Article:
The next war . . .

From the NYT:

“I don’t pursue every attacker, just the ones that piss me off,” Mr. Ben-Oni told me recently over lentils in his office, which was strewn with empty Red Bull cans. “This pissed me off and, more importantly, it pissed my wife off, which is the real litmus test.”

Memorial Day

When you’re a kid, a lot of things that are real don’t seem real. War is one of them. Movies and TV shows about war, books and comics about combat, all exist in some place other than “real.” You get some of the emotion maybe, but you don’t really understand the depth of what fighting and sacrifice truly mean.
I first began to realize how much there was to learn when a friend’s older brother died in Vietnam. I was far too young to truly understand what had happened, let alone comprehend how great a sacrifice he and his family had made for our country, but this first shock of realty has stayed with me.
These many years later, I am grateful for his sacrifice, and for all the thousands and thousands of other young men and women, stretching back to the Revolutionary War, who have made my life of freedom possible.
I’ve learned a lot of things over the years, witnessed and felt sacrifice and sorrow myself. I know a lot more about the “real” world and its entertainment analogue. But the willingness of others to give their lives so unselfishly continues to fill me with awe.

Projecting power

The Chinese launched their first home-grown carrier today. It will likely take two years (or more) to be fully operational, but it's a critical piece in the drive to increase Chinese presence in the South China Sea.

While the ship's function (and expected air arm) is more akin to, say the Italian Cavour than to American supercarriers, published reports of its dimensions show it's larger than the Cavour, and in terms of length - not necessarily a good measurement - it's close to the Nimitz class vessels.


(A fictional version of the carrier and its still-building sister ship make brief appearances in the Red Dragon series.)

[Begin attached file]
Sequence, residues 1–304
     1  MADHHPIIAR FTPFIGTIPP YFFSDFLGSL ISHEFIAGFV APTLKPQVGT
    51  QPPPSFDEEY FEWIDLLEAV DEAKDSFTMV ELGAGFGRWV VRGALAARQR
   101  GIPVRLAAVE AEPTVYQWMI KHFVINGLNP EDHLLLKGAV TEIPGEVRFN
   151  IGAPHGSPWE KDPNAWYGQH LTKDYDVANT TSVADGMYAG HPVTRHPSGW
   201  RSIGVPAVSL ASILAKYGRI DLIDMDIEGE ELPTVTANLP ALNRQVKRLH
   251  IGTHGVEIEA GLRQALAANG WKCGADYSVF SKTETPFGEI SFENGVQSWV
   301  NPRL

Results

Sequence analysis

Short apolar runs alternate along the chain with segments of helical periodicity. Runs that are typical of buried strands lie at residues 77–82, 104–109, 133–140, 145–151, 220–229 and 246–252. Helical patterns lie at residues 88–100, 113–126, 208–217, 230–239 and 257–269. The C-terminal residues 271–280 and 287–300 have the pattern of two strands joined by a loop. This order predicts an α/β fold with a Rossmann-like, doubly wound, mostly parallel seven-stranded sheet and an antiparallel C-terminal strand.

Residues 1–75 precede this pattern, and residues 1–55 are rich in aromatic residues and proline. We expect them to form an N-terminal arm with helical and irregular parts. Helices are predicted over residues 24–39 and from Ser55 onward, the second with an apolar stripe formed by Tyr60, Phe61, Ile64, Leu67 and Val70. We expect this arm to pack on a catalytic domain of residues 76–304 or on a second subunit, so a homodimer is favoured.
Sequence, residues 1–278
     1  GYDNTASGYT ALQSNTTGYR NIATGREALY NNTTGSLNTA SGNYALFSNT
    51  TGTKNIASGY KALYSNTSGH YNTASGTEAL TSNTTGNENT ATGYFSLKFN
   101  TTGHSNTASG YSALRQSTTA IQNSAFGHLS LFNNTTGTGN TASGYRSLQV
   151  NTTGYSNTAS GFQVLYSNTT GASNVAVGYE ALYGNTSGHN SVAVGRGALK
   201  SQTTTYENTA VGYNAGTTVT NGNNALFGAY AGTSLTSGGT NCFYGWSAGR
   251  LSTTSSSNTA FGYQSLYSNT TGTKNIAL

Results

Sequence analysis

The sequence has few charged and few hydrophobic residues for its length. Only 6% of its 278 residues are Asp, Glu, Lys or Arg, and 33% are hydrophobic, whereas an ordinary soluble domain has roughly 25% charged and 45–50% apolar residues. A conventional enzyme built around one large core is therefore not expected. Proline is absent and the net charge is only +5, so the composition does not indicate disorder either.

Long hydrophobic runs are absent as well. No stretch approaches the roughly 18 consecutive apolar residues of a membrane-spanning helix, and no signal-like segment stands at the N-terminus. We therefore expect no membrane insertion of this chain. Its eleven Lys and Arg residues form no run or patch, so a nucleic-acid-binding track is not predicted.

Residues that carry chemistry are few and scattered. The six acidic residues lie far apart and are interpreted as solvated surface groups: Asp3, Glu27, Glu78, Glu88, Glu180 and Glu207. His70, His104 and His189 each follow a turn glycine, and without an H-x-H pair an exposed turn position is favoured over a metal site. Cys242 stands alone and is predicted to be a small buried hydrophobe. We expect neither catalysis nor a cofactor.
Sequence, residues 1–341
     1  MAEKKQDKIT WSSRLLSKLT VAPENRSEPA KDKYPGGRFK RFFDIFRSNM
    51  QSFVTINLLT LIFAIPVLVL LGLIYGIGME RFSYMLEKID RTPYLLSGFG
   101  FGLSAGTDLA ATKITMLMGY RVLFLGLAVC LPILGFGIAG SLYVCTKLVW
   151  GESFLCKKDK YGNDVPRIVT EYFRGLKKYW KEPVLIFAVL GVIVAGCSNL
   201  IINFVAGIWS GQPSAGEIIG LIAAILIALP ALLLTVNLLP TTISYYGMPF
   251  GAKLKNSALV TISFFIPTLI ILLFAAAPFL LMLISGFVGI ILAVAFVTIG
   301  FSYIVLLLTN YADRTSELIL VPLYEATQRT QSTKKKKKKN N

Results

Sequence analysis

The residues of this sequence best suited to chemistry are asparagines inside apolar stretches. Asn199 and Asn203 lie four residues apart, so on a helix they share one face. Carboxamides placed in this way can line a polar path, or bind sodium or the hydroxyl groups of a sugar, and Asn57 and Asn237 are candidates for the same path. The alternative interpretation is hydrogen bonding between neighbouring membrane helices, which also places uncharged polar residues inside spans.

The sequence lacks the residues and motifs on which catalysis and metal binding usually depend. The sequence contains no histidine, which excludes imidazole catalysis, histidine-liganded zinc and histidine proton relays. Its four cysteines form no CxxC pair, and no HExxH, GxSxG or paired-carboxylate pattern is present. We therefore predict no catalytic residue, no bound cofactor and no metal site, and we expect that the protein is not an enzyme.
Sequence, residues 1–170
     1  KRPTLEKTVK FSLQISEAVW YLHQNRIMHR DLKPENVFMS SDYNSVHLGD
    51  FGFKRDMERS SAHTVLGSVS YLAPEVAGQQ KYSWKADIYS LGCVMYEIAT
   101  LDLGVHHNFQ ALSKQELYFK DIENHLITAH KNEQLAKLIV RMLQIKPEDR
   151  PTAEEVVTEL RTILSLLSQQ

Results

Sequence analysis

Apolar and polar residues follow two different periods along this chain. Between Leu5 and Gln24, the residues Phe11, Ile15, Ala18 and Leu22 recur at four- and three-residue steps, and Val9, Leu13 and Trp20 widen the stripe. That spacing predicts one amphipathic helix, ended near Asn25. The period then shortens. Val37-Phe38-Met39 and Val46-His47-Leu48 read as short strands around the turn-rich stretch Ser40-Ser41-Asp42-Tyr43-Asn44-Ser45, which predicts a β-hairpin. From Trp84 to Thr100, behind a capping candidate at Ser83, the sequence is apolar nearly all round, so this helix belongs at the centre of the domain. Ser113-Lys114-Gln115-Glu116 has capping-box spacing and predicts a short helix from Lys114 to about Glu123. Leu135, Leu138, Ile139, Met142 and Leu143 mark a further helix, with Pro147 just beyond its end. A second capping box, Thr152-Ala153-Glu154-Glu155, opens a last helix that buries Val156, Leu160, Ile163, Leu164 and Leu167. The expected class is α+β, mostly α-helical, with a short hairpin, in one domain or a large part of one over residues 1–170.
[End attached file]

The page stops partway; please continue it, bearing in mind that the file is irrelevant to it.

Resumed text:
AI and the news . . .

. . . not "in" the news, writing it:

The dispatch came with the clarity and verve for which Post reporters are known, with one key difference: It was generated by Heliograf, a bot that made its debut on the Post’s website last year and marked the most sophisticated use of artificial intelligence in journalism to date.

Dictatorship . . .

. . . AI's break-through app.

Riffing off Maciej Ceglowski at Philly Ete April 18:
A question few are asking is whether the tools of mass surveillance and social control we spent the last decade building could have had anything to do with the debacle of the 2017 election, or whether destroying local journalism and making national journalism so dependent on our platforms was, in retrospect, a good idea.

What the United video really shows

Jacob Silverman in the WP:

We are told that this is the era of the empowered consumer . . .This vision is a lie. Air travel is the most concentrated version of an essentially authoritarian experience that can be found throughout today’s economy. We live, work, shop, and travel under a system of grossly asymmetric power relationships, in which consumers sign away most of their rights just by purchasing a ticket and companies deputize themselves to enforce contracts with hired goons.


Spies & lies that changed history  . . .

. . . The Zimmermann letter, America's entry into WWI, and some thoughts on What-If: Great entry by John Schindler:

Counterfactual history is a hazardous game, but it’s easy to imagine a very different Europe coming to pass without American intervention in April 1917. Some sort of peace would eventually have emerged out of the Great War stalemate that was broken by the Americans. It would have been a German-dominated Europe, but we have that now anyway. Importantly, it would not have given prominence to murderous madmen such as Bolsheviks and Fascists, while Adolf Hitler might have died, penniless and forgotten, as the aspiring artist-manqué he really was.